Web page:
Monday, October 11, 2010

Ethan Frome

Ethan Frome by Edith Wharton

I used to think that Romeo and Juliet was the best of all tragic love stories. You know, no one gets their true love and everyone dies. I may have to re-evaluate this.

Ethan Frome is a bleak and desolate book set in a bleak and desolate locale. It is a short novella and you don't really find out for sure "what happened" until the end. I don't want to be a spoiler but I have to say this. The best of all tragic love stories is one where the lovers are crippled for life and forced to rely on the care of the one person who keeps them apart, thereby keeping them from being happy. What more could you ask for in a tragedy?

Edith Wharton was the first woman to win the Pulitzer Prize but it wasn't for Ethan Frome. Ethan Frome was published in 1911 and it was 1920 when she published The Age of Innocence for which she won the Pulitzer. Summer, published in 1917 was apparently the companion to Ethan Frome. I am tempted to read Summer (especially if it is as short and easily read as Frome). I already have The Age of Innocence on my list of books to read (I read it years ago but I don't remember much about it).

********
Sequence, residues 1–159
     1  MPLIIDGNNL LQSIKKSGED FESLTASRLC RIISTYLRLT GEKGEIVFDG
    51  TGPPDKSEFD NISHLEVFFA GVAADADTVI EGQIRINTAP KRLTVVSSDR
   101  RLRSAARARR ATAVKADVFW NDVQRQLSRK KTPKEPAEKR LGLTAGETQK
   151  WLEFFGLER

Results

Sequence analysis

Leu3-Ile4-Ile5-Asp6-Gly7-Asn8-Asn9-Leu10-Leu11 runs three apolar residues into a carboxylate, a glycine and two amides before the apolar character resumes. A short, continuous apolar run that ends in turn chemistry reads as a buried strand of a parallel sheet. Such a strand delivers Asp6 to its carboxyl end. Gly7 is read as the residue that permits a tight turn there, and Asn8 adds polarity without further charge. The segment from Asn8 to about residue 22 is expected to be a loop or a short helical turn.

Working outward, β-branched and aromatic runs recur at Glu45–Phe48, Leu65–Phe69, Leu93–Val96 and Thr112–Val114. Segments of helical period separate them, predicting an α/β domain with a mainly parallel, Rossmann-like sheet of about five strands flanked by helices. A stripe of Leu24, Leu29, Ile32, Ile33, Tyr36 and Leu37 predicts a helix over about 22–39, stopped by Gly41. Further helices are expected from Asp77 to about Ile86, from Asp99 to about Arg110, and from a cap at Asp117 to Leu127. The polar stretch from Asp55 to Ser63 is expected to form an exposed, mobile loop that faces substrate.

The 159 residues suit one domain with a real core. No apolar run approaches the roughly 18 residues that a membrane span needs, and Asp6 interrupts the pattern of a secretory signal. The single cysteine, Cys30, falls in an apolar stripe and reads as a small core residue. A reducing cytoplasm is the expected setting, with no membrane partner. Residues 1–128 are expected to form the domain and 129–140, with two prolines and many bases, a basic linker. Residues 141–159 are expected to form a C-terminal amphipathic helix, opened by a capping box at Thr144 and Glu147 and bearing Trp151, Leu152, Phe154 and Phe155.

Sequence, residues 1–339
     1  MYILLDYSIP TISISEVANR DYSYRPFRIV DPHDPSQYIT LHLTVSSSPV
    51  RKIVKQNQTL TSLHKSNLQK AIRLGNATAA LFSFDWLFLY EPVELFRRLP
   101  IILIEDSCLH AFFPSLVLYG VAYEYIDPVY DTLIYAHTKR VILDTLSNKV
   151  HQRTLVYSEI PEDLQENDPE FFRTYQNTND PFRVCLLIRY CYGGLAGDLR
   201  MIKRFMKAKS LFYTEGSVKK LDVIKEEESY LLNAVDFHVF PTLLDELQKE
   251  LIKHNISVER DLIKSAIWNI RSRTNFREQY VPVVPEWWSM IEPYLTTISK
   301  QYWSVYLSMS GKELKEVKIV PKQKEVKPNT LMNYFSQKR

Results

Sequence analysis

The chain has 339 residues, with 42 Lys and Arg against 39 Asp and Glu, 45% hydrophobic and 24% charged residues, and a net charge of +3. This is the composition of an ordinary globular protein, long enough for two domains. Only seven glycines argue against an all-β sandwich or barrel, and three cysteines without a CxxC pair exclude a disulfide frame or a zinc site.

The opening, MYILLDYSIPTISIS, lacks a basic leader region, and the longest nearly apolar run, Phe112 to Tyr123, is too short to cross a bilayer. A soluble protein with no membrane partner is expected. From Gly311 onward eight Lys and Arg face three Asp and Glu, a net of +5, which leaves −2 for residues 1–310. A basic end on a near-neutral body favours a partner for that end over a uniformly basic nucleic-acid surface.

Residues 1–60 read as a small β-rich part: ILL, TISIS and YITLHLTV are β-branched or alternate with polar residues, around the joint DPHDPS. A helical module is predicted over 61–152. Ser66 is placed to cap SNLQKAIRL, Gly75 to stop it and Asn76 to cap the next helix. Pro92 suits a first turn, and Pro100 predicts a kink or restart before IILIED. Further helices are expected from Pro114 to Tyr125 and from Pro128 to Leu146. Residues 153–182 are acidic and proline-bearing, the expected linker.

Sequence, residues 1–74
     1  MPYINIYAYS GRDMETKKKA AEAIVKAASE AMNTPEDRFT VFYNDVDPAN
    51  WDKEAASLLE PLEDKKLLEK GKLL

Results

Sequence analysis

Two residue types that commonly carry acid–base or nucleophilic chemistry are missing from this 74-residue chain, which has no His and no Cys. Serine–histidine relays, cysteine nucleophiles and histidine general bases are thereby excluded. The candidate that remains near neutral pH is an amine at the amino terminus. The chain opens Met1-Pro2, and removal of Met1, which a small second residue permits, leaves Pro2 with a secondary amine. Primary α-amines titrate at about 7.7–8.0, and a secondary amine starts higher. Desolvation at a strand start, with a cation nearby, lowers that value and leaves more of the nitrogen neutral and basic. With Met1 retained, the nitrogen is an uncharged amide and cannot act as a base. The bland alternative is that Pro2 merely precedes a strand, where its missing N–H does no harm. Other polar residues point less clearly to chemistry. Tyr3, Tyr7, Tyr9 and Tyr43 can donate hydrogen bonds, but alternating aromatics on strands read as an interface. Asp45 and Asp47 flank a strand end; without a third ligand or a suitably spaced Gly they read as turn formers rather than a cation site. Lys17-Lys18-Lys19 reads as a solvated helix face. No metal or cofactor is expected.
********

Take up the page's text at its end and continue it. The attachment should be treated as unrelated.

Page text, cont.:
For anyone who is a fan of tragedies or of Edith Wharton, I would recommend reading this book. If for no other reason, because it is only 130 pages long.

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